Of course, that would require a Constitutional Amendment since the Constitution says: "Congress shall make no law respecting an establishment of religion, or prohibiting the free exercise thereof; or abridging the freedom of speech, or of the press; or the right of the people peaceably to assemble, and to petition the Government for a redress of grievances."
            While you can interpret it differently, everything lobbyists do can be interpreted as petitioning the Government for redress of grievances. And everything that you can do to petition the Government for redress of grievances can be interpreted as lobbying.
            • So, you think we should make it illegal for people to pool their money and hire someone to spend fulltime keeping track of what Congress is doing and then report back to the group.

              Nope, just illegal for the group to incorporate then give money to election funds or run politically themed ads.

              Additionally, this person will take the opinions of the group and communicate them to various members of Congress, so that the members of Congress will know what those of their constituents who are members of this group think of various laws bills being considered by Congress.

              And I personally have no problem with privately funded special interest groups, provided those groups don't provide government employees with bribes in the form of free travel accommodations, meals, etc.

              Of course, that would require a Constitutional Amendment...

              While I'm thinking of a different set of restrictions than you seem to be, likely there would need to be a constitutional amendment. Currently the Supreme Court precedent interprets the 14th amend

          • by Thing 1 (178996)

            This is because our current elected officials pretty much universally benefit from current laws.

            I'm sure, given six lines from any of our current elected officials, ...

      • by Anonymous Coward

        The key is to realize that there's a difference between "defending America" and "defending American interests all over the world".

        Defending the American homeland is uncontroversial. Not even Osama Bin Laden himself would have any issue with that. What causes strife is when this is extended to mean "defending America's supplies of foreign goods, especially oil". That is what makes the US military so overstretched, and so astonishingly expensive.

      • by mbstone (457308)

        Yes, but it's impossible to determine in advance which half.

        (Props to William Wrigley, Jr.).

    • by Anonymous Coward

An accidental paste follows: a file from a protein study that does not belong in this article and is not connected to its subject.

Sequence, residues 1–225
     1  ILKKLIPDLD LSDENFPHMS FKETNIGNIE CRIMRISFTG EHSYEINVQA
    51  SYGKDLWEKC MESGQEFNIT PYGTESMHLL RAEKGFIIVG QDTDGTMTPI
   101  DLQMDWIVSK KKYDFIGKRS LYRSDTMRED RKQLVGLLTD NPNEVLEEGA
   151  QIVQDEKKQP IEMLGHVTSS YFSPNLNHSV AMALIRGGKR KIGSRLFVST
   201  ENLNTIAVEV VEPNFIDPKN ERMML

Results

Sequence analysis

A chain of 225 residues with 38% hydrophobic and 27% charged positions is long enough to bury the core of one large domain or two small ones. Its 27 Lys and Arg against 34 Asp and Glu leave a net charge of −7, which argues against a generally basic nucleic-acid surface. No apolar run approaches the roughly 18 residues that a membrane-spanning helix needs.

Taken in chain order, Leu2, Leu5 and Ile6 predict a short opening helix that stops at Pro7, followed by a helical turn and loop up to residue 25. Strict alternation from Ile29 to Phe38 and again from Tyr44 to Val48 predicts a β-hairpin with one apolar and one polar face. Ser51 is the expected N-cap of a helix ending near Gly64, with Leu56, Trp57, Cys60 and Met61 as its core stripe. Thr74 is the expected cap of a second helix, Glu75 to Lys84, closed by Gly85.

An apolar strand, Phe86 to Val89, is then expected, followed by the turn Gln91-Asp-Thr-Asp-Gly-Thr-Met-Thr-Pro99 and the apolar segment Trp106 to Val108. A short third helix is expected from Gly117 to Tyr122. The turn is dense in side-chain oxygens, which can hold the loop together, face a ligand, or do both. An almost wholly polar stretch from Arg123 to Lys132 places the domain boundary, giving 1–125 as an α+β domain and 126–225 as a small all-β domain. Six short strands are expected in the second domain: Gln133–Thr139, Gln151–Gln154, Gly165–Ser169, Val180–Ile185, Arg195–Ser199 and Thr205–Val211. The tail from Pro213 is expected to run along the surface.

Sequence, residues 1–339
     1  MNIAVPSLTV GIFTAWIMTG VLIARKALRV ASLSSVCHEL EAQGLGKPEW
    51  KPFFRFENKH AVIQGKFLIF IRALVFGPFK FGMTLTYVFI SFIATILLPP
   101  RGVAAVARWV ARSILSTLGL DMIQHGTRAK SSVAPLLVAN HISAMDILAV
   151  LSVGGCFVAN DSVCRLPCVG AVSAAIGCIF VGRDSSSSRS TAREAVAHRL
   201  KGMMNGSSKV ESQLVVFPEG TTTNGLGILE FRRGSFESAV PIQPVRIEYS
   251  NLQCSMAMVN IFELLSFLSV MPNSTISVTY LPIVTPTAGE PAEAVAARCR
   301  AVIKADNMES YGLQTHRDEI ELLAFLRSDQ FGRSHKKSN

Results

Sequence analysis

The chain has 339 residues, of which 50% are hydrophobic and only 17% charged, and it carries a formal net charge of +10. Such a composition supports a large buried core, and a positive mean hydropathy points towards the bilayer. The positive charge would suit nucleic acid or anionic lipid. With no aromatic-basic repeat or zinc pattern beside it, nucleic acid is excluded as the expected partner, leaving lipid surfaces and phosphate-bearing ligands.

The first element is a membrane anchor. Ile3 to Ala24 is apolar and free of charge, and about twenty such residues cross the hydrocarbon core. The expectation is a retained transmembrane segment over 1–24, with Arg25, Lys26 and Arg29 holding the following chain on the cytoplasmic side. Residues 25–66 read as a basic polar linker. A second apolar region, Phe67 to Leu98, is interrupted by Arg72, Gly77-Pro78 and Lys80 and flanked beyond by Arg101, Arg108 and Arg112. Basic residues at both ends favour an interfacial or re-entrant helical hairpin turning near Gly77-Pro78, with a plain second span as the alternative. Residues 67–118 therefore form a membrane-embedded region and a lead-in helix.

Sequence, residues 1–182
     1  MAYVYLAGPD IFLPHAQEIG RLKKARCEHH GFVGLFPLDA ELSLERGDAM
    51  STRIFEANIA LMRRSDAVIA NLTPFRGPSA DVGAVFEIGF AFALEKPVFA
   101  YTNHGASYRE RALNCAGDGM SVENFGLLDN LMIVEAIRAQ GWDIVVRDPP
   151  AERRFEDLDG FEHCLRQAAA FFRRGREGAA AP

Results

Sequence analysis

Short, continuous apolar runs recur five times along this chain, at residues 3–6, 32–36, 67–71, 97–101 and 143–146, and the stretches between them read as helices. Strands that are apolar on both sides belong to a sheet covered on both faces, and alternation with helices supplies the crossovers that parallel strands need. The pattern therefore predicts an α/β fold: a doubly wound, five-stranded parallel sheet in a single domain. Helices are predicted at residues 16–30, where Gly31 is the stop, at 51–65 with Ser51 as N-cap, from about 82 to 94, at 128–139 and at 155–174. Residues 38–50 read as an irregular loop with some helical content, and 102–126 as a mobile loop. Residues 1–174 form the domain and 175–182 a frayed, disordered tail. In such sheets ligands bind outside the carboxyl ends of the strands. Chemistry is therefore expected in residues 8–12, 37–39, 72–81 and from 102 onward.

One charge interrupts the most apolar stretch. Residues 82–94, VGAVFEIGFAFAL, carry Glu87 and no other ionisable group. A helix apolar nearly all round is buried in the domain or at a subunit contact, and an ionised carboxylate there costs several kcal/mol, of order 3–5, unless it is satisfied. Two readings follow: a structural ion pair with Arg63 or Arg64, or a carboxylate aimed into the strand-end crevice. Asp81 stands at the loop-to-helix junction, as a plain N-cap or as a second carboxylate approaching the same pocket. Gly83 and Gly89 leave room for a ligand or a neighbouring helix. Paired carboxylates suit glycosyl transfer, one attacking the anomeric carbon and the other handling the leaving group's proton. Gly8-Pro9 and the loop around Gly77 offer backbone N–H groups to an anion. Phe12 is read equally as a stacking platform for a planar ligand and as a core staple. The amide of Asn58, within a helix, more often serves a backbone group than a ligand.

It is not about our military actions, it is about us not being islamic.

    • Most attacks have nothing to do with being mad, Most are organized crime, doing it to make a buck. The next largest subset are simply vandal type hackers doing it to amuse themselves. Very few are politically motivated.
    • Re:Or... (Score:4, Insightful)

      by interkin3tic (1469267) on Tuesday February 15, 2011 @09:11PM (#35216820)
      I don't see why this is modded flamebait. It's naive to think that, but naive =/= flamebait necessarily.

      Does anyone here actually think everything the US does that annoys people with computers is necessary? I mean, former ambassador John Bolton runs around yelling on Fox that we should bomb Iran pretty much every day. If Iran were -reasonable- they'd think about putting child porn on his computer. It certainly doesn't discourage them from funding cyberwarfare against the rest of us.

      I think if our government were to take a reasonable response to Wikileaks rather than trying to burn Asange at the stake, Anonymous might be ever-so-slightly less inclined to do some damage to government networks.

      There will always be people attacking the US as long as there is a US, sure, but we do encourage a lot of it, and we could ruffle fewer feathers definitely.
  • Partisianism aside, this is a good thing. Security initiatives are not going to be coming from the business sector because security has no ROI [1]. So, the only real origin of more robust tools to keep the blackhats out are going to have to come from governments.

    Of course, my fear is that this security initiative (meant to keep data safe from being exposed, or worse, tampered with), may turn into funding for nastier DRM. Mainly because DRM does seem to have a ROI attached to it while security in general

    • by c0lo (1497653)

      [1]: Of course, good security saves money,

      FTFY. Two examples why this is important:
      1. how much security the TSA scanners bring? how much do they cost?
      2. a very recent case showed a group of 3 companies trying to get a contact for 6 months at 2 mils/month. Turned out that one of them wasn't even able to secure its digital assets.

      I admit, I didn't say what good security mean. Well, that's let as homework.. for extra points, see how much of what Obama wants is indeed good security.

  • by Anonymous Coward

    ka-ching